The eligibility of some products and services has changed for FY2015. Specifically, we are seeing FCC Forms 470 that include webhosting, which is ineligible for FY2015. We suggest that you read the FY2015 ESL carefully to determine whether the services you intend to include on your FCC Form 470 are eligible. Remember that in some cases, a cost allocation may be required on the FCC Form 471 if the products and services have both eligible and ineligible components.

Don't mail a paper FCC Form 470 to USAC.

Going forward, FCC Forms 470 and 471 must be filed online. USAC is no longer able to process paper forms, although you can still certify forms on paper.

Provide sufficient detail on your FCC Form 470 for bidders to submit responsive bids.

On your FCC Form 470, you must clearly describe the products and services you are requesting, so that potential bidders understand the size and scope of the project and the services being requested and are able to submit responsive bids. Remember that there is a text field in Item 13 on the form that you can use to provide additional details.

For example, "as needed" and "district-wide" are not sufficient descriptions of the quantity and/or capacity of the products and services you list on the FCC Form 470 unless you are also issuing a request for proposal (RFP) where sufficient detail is provided.

In fact, for requests that are large and/or complex, you should consider issuing an RFP. Remember that, if you issue an RFP, you must note that fact on your FCC Form 470 and provide information on where to obtain a copy of the RFP.

Carefully consider what you want to get bids on before limiting your descriptions of services.

For example, "Internet access not to exceed 100 Mbps" limits responsive bids to Internet access of no more than 100 Mbps. If you might want to purchase a faster service you should specify a range that includes higher speeds. In this example, by specifying 100 Mbps, you cannot increase your speed – even if the cost does not increase – during the funding year or for the life of the contract, if it is longer than one funding year – without posting a new FCC Form 470 and opening a new competitive bidding process.

Respond to good faith requests for information from potential bidders.

If bidders do not have enough information to submit responsive bids, they may send questions to you. You must respond to all such good faith requests. You – or your consultant, if you have one – should respond to bidder inquiries in a timely manner so that competitive bidding deadlines can be met.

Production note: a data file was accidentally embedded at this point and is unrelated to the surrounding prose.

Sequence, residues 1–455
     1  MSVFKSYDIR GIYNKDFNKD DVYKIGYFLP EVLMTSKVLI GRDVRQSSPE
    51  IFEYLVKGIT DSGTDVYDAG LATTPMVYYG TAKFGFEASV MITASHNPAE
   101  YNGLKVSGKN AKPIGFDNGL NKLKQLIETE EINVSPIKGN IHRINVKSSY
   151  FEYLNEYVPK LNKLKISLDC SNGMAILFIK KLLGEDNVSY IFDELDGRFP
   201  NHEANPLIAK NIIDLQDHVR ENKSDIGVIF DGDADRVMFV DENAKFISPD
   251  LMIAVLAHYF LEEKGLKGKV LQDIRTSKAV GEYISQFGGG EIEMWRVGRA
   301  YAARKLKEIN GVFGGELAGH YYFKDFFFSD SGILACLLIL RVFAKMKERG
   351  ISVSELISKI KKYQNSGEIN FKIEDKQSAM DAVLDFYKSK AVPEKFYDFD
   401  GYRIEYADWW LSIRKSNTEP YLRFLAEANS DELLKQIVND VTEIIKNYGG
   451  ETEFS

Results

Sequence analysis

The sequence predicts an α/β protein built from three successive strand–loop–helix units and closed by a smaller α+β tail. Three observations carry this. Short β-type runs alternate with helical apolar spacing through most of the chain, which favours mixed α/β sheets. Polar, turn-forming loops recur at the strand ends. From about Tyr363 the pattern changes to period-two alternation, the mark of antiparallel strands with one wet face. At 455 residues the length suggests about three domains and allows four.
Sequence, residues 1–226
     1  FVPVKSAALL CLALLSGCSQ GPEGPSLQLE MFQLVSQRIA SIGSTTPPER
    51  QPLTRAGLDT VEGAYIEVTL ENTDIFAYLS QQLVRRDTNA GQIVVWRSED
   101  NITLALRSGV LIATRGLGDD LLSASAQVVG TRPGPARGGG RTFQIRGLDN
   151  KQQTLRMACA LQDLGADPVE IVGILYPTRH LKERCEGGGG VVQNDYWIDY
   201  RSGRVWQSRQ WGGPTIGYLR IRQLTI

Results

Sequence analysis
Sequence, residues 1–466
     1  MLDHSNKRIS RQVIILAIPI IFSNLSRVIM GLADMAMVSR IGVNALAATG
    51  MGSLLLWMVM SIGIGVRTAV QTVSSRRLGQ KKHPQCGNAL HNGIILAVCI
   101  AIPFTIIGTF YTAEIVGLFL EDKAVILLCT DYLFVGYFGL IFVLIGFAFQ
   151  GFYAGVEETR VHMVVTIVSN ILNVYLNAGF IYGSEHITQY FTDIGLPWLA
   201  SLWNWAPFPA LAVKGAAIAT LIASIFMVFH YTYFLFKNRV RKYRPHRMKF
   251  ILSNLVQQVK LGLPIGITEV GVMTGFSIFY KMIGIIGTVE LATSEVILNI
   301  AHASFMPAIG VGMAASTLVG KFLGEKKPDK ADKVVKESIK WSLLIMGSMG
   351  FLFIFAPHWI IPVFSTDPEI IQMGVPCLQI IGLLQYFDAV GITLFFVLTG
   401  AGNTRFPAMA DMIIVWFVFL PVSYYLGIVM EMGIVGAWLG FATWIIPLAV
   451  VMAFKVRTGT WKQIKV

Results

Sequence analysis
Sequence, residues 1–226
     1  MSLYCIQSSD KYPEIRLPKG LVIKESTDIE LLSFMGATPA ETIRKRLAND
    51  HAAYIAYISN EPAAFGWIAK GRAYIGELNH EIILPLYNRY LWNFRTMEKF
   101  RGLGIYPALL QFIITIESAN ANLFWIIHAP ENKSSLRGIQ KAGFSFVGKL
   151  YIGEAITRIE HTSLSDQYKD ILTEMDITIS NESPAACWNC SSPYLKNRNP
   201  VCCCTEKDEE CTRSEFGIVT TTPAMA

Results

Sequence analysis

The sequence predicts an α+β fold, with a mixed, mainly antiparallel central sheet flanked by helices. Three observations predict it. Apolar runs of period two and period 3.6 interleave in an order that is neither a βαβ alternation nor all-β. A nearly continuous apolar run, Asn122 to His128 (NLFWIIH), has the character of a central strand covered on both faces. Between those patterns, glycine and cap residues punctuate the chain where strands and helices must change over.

A generic email from a service provider describing its service offerings in general terms and asking for a call-back, or an email that can be identified as "spam," would not be considered a good faith response to an FCC Form 470 posting – especially if applicants identify a specific procedure or mechanism for submitting questions (again, Item 13 is a good place to provide that information). We do suggest that applicants archive such emails in case any questions arise.

If an applicant responds to one potential bidder’s question, it must then provide the answer to that question to other potential bidders. One way to handle this would be to post all questions and answers in a centralized way, such as on a website identified for that purpose.

Don't limit your requests to make and model numbers from a specific manufacturer.

You cannot specify makes and model numbers from a specific manufacturer in an FCC Form 470 and/or an RFP without adding the words "or equivalent." Moreover, after you close your competitive bidding process, you must evaluate all bids received, including those that provide an equivalent solution.

For applicants requesting Basic Maintenance, you can specify makes and models to be maintained if you already have the equipment. However, if you are requesting the equipment on your FCC Form 470 and also requesting basic maintenance on that equipment, be sure to make that clear on your form.